Leadership is a Choice
I was ten years old when I first started learning about leadership. I was just beginning to learn how to play football, basketball and baseball. I loved all three sports, mainly because they were the outlets for my frustration. My parents took good care of my four brothers and me, but our home will filled with strife. I discovered fear early, and sports were my exit strategy.
By the time I was in high school, I was considered a 'leader' on the football field. I still played multiple sports (and ran track), but the football thing was taking center stage. I didn't really get the whole 'leader' thing and, frankly, I didn't want anything to do with it. I just wanted to play ball.
My college football career at UGA thrust me to the forefront of national conversations. I heard words like Heisman. All-American. The next Herschel. After I injured my knee four games into my sophomore year and subsequently flunked out of school (it's funny how that happens when you stop going to class), I was definitely running from any leadership role that was expected of me.
Finding myself at at junior college with a knee to rehab, I started leading...myself. I took three critical steps as a future leader.
- I stopped whining about my knee.
- I stopped blaming UGA for the fact that I was at a JUCO getting my GPA back up to a satisfactory academic standard.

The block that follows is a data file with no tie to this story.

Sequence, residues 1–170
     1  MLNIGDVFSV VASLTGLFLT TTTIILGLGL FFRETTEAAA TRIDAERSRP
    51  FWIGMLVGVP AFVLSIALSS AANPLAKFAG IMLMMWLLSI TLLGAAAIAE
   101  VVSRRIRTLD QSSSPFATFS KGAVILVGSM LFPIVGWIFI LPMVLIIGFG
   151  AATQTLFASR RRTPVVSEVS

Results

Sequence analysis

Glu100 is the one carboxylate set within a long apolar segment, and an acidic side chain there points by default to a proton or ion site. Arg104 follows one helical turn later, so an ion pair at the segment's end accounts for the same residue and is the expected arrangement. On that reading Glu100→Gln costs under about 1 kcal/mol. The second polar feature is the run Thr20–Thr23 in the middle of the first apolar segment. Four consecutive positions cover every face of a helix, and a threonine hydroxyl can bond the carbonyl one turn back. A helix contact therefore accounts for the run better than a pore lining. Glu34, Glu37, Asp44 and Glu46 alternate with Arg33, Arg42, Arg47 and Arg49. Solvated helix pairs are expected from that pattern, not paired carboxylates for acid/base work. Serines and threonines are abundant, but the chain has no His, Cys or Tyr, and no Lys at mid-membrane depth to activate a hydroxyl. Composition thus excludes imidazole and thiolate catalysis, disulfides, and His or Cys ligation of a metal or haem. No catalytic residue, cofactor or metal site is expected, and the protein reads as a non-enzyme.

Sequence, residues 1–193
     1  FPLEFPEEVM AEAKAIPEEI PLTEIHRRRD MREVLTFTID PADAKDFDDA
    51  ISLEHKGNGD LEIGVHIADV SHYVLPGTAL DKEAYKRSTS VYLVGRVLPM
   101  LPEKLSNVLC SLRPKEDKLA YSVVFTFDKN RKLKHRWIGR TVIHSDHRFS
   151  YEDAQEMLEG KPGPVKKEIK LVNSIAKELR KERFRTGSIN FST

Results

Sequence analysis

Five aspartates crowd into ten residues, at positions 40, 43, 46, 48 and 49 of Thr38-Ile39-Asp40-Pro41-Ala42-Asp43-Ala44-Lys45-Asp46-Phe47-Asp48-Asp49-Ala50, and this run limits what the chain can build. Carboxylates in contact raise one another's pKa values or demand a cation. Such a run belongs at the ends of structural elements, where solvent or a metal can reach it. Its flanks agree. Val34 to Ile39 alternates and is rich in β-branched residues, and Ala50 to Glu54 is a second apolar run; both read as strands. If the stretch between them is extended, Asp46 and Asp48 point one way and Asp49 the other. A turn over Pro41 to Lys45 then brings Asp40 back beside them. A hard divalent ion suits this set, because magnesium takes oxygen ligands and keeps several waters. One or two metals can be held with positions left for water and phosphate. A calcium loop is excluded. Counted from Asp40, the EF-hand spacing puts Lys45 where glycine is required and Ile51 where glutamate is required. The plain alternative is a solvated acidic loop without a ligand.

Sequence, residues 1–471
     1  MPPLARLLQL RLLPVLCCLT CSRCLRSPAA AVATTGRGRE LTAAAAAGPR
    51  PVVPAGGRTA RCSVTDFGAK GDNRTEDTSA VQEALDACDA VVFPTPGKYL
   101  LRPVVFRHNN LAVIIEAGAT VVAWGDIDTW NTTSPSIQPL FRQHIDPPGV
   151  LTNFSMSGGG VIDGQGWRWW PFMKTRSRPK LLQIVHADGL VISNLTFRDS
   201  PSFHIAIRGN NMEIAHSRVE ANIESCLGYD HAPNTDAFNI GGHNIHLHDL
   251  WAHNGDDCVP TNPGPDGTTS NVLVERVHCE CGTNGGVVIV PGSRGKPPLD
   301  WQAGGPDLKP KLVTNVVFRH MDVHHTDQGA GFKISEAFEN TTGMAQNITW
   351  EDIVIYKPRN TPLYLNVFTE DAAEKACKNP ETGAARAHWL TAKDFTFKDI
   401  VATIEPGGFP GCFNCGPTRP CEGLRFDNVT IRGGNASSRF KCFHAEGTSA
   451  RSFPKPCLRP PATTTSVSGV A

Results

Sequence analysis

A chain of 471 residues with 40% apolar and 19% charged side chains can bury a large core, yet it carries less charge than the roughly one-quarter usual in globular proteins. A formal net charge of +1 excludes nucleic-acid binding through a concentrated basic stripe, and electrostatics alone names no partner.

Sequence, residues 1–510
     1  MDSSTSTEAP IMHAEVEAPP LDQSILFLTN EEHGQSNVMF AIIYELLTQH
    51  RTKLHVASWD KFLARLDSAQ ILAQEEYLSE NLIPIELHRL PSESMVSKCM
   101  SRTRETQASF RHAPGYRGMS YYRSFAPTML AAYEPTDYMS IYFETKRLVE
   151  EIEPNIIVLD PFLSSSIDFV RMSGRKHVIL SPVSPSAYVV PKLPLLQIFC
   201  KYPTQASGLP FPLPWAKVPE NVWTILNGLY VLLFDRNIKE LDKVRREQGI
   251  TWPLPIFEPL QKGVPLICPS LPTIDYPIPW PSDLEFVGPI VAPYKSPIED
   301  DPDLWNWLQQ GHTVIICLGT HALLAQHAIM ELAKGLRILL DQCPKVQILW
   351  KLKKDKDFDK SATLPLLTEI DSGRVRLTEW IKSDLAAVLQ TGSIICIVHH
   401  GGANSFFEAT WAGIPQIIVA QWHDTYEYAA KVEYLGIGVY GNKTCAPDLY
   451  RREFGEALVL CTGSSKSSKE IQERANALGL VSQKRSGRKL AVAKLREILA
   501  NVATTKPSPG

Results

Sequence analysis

- I stopped complaining about missing almost two years of football, and concentrated on doing what I needed to do to get back in Athens and playing at Sanford Stadium.
When I finally had made it back, something had shifted in me. I realized, for the first time in my life, that it wasn't all about me. I had teammates counting on me to get my act together. I had coaches expecting me to earn and honor my scholarship...every day. I had a family praying for me to finish what I had started.
With my back against the wall, I had to choose to be a leader.
As a D1 college running back, my entrance into leadership was less overt, but intentional. I didn't give any motivational speeches in the locker room, or serve as the official hype man on the sideline.
I just did my job.